Posted by: Aaron Pressman on April 6, 2007
I have a short story
(still behind the pay wall) in today’s magazine about the latest craze in closed-end funds, so-called dividend capture funds. Bottom line: They’re a solid option to add to a diversified mix of income-producing investments. There’s some fear that too many funds chasing the same strategy will hurt returns but that seems a long way off given that most of the stocks in these funds are highly liquid, large cap names.
Closed-end funds generally are an all-too-frequently overlooked corner of the investing world. Because they can trade at a discount or premium to net asset value, unlike regular mutual funds, they often provide an opportunity to buy $1 for 90 cents. They also encompass a variety of interesting and useful strategies far beyond the realm of mutual funds. I favor ETFConnect.com for fund info. Here are some useful tidbits I picked up this morning.
First and foremost, plenty of closed-end funds have outperformed the paltry 2%-ish return of the S&P 500. According to ETFConnect, 250 closed-end funds have year-to-date total returns over 2% out of 632 funds tracked. Some interesting folks at the very top, too.
The Boulder Growth & Income Fund (Symbol: BIF), a leveraged fund which invests in a wide assortment of income-producing securities, everything from shares of Anheuser-Busch (BUD) to U.K. Treasury bonds. The fund also owns many real estate investment trusts and other closed-end funds. A real potpourri. It’s paying monthly dividends of 11.5 cents a share, or an annualized yield of almost 11%. But the fund is also trading at a staggering 40% premium to its net asset value. The fund’s real yield is almost 15%. Insane. As recently as last July, the fund was trading at a discount so there’s a huge amount of downside risk here.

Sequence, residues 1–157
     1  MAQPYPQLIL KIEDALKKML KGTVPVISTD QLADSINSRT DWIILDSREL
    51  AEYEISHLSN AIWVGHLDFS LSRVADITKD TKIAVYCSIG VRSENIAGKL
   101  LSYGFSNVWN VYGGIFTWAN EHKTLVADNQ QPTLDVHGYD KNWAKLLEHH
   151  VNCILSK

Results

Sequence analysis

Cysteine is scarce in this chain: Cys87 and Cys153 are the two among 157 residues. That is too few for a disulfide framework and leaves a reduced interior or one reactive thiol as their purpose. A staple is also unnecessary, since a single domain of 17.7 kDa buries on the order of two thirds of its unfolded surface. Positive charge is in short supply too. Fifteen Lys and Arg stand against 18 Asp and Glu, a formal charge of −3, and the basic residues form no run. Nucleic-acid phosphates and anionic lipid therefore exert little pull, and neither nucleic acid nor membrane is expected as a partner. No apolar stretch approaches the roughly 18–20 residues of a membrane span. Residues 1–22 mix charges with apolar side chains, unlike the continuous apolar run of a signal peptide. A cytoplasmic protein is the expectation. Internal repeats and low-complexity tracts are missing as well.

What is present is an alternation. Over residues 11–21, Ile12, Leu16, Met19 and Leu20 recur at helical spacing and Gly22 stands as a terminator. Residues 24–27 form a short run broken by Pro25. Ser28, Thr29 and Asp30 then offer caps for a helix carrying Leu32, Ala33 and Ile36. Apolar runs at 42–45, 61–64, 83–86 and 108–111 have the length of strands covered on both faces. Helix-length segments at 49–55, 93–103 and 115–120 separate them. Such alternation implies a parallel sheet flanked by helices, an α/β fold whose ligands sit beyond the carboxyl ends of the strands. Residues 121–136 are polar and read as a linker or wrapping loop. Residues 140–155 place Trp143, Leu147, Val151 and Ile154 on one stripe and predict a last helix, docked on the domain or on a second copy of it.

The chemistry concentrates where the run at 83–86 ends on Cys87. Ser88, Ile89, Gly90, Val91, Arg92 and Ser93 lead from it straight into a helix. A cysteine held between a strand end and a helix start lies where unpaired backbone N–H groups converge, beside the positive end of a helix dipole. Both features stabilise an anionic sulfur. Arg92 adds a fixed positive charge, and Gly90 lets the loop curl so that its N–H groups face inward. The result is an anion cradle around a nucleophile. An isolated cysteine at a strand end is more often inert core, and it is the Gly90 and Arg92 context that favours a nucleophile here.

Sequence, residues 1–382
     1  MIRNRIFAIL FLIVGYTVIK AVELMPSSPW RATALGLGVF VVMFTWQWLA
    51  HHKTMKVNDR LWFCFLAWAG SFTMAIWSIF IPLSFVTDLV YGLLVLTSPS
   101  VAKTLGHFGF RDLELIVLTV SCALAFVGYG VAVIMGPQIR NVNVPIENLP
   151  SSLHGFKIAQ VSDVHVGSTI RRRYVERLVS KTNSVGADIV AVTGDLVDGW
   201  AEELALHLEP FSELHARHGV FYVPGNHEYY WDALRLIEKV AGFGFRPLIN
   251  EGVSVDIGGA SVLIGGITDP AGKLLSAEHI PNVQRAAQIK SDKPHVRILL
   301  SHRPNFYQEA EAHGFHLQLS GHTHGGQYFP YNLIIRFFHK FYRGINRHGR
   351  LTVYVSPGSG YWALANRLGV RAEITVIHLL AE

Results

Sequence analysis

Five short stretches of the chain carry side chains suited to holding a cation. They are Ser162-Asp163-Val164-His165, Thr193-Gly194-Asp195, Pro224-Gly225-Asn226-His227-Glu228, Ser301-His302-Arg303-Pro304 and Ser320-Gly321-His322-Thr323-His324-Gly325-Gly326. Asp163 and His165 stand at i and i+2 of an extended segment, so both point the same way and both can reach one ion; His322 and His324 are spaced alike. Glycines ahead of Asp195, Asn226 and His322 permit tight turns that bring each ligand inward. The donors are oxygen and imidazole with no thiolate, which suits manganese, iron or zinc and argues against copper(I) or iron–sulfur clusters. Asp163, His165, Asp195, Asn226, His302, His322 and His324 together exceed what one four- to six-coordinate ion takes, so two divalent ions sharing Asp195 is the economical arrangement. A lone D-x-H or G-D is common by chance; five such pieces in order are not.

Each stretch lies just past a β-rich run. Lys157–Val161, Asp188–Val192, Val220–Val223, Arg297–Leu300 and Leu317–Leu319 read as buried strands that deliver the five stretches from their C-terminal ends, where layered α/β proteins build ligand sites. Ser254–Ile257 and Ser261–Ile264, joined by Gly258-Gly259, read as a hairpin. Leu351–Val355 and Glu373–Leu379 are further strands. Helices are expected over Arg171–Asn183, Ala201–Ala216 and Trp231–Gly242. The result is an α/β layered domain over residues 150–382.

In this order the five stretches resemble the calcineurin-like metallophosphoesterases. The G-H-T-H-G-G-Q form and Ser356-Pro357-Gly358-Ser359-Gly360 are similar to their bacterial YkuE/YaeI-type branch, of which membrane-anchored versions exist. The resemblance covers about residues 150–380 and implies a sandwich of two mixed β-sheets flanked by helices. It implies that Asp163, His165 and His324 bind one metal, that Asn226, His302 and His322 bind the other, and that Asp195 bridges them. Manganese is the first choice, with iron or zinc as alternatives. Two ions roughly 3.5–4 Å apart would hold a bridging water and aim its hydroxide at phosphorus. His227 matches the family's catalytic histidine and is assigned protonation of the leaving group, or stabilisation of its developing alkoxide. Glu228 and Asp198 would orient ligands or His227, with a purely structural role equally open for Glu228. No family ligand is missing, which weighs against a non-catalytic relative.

The next best performer is the MVC Capital Fund (MVC), which is basically a private equity fund for small and mid-size companies. It holds a mix of debt and equity securities and trades at a steep 17% premium. The fund used to trade at a perennial discount but has been at a premium consistently since early 2005. Almost 10% of the fund is in a single holding, Ohio Medical Corp. Other top performers among closed-end funds this year include the Malaysia Fund (MF), the Morgan Stanley Global Opportunity Bond Fund (MGB) and the PIMCO Strategic Global Government Fund (RCS).
The fund screening tool at ETFConnect lets you scan for all manner of other ideas. The Mexico Fund is trading at a 16% discount to the value of its assets despite a 10-year annual return of 15%. A number of utility, REIT and convertible bonds funds are also hanging out in the discount sale aisle.
Other sources of info about closed-end funds include Roger Nusbaum’s blog, the Quant Investor blog, and of course Technorati’s latest results on the topic. I also liked the Closed-end funds blog but it hasn’t been updated since last October. Now if only Tom Herzfeld started blogging…